Ahead of the May 8 Republican primary to select a challenger to Sen. Joe Manchin, D-W.V., conservatives are coalescing behind state Attorney General Patrick Morrisey’s candidacy. There are six Republican candidates running for the Republican nomination to challenge Manchin, who is widely seen as one of the most vulnerable Democrats up for reelection in the 2018 midterms.
Morrisey’s candidacy is backed by several prominent conservative groups, including the Senate Conservatives Fund and FreedomWorks PAC. He also received the endorsements of stalwart conservative Sens. Ted Cruz, R-Texas, and Rand Paul, R-Ky. On Monday, Morrisey was endorsed by National Review, which called him a “rock-solid, independent-minded conservative who would be a valuable addition to the right flank of the Republican caucus.”
Morrisey, 50, has served as West Virginia’s attorney general since 2012, the first Republican to serve in that office since 1933. As attorney general, Morrisey confronted the Obama administration on several issues, successfully suing Obama’s Environmental Protection Agency to stop the “Clean Power Plan” which went beyond the EPA’s statutory authority in an attempt to regulate greenhouse gases. Morrisey also joined nine other states in suing the Obama administration to end the unconstitutional DACA amnesty granted via executive fiat without consent from Congress.
In his campaign for Senate, Morrisey has made the ongoing opioid crisis central to his platform, touting his efforts as attorney general to go after pharmaceutical companies and increase education about opioids in his state. He has criticized the federal government for being too loose in approving new opioid pills.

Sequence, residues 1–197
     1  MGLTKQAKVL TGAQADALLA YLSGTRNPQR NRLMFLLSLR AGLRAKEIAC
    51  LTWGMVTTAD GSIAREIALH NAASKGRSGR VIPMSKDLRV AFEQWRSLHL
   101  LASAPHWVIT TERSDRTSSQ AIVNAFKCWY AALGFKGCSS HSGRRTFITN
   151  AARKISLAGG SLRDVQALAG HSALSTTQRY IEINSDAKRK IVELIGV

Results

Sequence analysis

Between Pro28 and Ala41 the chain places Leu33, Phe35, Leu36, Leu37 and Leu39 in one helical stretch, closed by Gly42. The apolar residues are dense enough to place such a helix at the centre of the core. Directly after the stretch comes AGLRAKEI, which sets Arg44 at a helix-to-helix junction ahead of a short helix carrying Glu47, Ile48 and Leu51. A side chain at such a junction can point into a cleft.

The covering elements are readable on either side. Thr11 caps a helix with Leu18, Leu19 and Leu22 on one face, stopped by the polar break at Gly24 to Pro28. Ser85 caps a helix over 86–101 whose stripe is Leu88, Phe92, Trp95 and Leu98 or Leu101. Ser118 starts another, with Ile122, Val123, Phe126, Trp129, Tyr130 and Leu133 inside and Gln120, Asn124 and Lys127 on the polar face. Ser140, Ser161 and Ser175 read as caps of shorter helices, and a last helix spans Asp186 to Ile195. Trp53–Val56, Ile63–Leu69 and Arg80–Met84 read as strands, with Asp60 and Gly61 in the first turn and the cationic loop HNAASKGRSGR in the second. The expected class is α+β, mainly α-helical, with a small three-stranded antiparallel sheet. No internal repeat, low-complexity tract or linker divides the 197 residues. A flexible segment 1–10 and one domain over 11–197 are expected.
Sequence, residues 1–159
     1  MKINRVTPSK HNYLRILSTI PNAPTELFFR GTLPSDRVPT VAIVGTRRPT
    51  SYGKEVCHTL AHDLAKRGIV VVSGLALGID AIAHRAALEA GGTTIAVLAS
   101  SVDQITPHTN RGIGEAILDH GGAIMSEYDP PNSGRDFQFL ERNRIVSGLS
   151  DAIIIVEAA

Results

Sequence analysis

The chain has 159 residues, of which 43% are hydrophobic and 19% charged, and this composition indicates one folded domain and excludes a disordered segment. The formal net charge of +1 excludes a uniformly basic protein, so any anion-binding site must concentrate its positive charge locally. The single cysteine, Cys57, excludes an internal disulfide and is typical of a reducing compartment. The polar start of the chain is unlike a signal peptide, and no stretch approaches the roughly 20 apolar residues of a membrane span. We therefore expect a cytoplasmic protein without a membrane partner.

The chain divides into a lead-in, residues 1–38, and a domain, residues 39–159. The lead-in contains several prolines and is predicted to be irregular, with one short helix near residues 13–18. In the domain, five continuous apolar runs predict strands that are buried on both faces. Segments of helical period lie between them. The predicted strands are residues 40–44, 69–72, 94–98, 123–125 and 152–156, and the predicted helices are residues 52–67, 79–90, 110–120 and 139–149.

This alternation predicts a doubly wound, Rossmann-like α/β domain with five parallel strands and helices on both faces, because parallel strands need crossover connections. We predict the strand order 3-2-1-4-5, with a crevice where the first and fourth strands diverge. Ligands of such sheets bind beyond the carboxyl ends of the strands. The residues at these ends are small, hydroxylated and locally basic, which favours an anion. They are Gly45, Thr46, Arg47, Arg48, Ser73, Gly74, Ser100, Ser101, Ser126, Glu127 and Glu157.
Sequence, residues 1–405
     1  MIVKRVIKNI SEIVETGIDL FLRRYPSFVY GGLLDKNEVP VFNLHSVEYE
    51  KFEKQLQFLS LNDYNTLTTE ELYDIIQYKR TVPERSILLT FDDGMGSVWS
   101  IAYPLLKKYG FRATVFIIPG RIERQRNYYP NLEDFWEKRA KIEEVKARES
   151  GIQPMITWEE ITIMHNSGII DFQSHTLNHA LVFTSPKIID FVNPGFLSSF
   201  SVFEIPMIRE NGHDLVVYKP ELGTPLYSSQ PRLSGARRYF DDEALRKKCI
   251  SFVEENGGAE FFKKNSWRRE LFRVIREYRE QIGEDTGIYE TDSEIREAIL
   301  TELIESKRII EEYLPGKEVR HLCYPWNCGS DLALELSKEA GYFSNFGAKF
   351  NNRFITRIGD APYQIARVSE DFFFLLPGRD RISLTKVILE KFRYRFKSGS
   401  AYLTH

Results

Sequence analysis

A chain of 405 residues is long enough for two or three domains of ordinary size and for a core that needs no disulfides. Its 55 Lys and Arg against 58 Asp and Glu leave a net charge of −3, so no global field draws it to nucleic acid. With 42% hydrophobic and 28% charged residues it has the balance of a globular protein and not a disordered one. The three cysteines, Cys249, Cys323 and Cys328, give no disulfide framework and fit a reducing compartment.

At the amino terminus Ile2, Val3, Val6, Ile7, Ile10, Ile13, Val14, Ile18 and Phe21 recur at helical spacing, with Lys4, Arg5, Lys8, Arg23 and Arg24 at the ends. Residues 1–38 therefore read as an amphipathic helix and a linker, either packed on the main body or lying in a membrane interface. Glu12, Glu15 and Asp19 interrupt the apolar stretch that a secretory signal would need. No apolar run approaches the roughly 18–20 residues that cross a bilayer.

Morrisey is one of three candidates who qualified for the May 1 Republican primary debate hosted by Fox News, along with Rep. Evan Jenkins and businessman Don Blankenship. A recent poll conducted by Fox News found Morrisey’s support in second place at 21 percent behind Jenkins, who polled at 25 percent. Blankenship trailed both men with 16 percent.
Tom Willis, Bo Copley, and Jack Newbrough are also running in the primary, but did not poll high enough to qualify for the Fox debate. A large swath of voters, 24 percent of those surveyed, remain undecided about who they will support.
The debate, hosted by Bret Baier and Martha MacCallum, will air at 6:30 p.m. ET on the Fox News Channel.
Chris Pandolfo is a staff writer and type-shouter for Conservative Review. He holds a B.A. in politics and economics from Hillsdale College. His interests are conservative political philosophy, the American founding, and progressive rock. Follow him on Twitter for doom-saying and great album recommendations @ChrisCPandolfo.
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